If you gonon-past, I willnon-past follow.
    If you arenon-past happy, I amnon-past happy, too.
    If mother knowsnon-past, we'renon-past in serious trouble.

    Some teachers will call the second and third of these ‘zero conditionals’ in a desperate effort to maintain the framework; but as far as tense goes, they are identical with the first.

  2. Past in the IF (condition) clause and past in the THEN (consequence) clause.

    Note that these past tenses may signify remoteness in time (past Reference Time), in factuality (hypothteical or unreal eventualities), or in demand (polite or tentative approach).

    If you wentpast, I wouldpast follow.
    If you werepast happy, I waspast happy, too.
    If mother knewpast, we mightpast be in serious trouble.

  3. ‘Double’ past in the IF (condition) clause and ‘double’ past in the THEN (consequence) clause.

    By ‘double’ past I mean a pseudo-perfect construction: either had + past participle or past modal + have + past participle. These look like perfects, but do not have perfect meaning. The perfect construction signifies past temporal reference, and the past tense on the leading auxiliary signifies factual remoteness.

    If you had gonedouble past, I would havedouble past followed.
    If you had beendouble past happy, I would havedouble past been happy, too.
    If mother had knowndouble past, we might havedouble past been in serious trouble.

These ‘canonical’ forms still do not exhaust the possible conditional constructions, which is why teachers who use the ‘three conditionals’ framework have to tack a ‘mixed’ category on at the end. Except for #3 they are pretty useless in helping you understand what the constructions mean. But they may help you get through some of the problems which the framework creates.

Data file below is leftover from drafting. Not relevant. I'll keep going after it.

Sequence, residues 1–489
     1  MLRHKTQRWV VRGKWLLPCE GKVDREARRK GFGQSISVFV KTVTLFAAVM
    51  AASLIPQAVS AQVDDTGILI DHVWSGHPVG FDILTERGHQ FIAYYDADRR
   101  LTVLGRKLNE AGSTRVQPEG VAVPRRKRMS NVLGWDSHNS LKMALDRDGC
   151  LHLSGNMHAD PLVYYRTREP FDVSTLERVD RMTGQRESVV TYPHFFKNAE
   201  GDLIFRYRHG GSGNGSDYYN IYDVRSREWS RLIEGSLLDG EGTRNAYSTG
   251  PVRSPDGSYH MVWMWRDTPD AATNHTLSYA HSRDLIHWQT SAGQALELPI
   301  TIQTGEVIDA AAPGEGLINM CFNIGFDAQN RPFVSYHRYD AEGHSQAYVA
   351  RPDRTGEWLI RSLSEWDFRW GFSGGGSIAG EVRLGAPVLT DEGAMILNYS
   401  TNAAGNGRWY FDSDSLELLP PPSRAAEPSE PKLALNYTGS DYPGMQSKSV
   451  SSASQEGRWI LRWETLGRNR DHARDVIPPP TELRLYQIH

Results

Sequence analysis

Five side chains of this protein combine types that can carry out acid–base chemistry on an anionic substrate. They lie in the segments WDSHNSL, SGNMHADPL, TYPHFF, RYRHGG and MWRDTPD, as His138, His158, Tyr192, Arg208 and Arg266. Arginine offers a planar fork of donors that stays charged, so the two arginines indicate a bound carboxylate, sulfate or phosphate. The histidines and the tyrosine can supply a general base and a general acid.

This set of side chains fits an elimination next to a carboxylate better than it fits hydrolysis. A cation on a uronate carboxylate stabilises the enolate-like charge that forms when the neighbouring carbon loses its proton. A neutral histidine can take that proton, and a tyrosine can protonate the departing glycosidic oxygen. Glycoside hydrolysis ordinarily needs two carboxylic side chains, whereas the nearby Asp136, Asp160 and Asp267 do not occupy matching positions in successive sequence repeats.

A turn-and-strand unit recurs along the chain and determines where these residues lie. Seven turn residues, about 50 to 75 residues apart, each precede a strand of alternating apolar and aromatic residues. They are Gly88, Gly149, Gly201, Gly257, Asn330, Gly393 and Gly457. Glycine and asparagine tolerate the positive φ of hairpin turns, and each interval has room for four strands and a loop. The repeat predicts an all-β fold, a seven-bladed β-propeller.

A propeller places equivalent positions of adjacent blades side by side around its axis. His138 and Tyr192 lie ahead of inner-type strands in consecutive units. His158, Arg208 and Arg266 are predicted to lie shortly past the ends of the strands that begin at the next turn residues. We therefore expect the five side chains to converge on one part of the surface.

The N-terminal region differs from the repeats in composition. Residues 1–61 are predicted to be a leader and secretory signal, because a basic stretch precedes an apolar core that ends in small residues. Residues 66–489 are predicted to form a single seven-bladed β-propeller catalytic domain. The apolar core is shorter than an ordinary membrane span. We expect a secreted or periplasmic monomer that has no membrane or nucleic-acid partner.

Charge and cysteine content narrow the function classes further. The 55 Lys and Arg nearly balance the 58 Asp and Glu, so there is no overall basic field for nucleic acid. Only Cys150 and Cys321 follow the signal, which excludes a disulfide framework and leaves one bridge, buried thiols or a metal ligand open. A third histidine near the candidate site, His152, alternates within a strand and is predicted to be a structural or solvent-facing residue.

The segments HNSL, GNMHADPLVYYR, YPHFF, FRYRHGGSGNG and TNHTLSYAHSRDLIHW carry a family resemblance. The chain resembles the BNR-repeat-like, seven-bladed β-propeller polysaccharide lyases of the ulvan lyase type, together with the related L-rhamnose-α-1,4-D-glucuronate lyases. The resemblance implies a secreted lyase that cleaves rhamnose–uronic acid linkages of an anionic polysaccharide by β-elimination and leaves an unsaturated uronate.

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'If your mother knows, we are in trouble.' might be a 'first conditional' construct in one possible sense of that sentence, because it is possible in English (as well as in many other languages) to use a present tense construction to represent the future tense. (Also there is the 'present continuous' or 'present progressive' tense, e.g. 'We're doing the Macarena in our dance class next week.' which is similarly a future construction despite the apparent present tense.)

So, you could also say 'If your mother knows, we will be in trouble.' or 'If your mother knows, we are going to be in trouble.' each of which could mean the same thing, if, for instance, being in trouble is taken in a way that requires you already have had consequences laid down.

However, I am not sure I would put it in the first category outright, since there is at least one more way to read it: 'If your mother knows, we are in trouble (right now).', in a case, for instance, where being in trouble is taken as meaning that the person with whom you are in trouble has already decided that you are in trouble, but without requiring that you have already found out about it.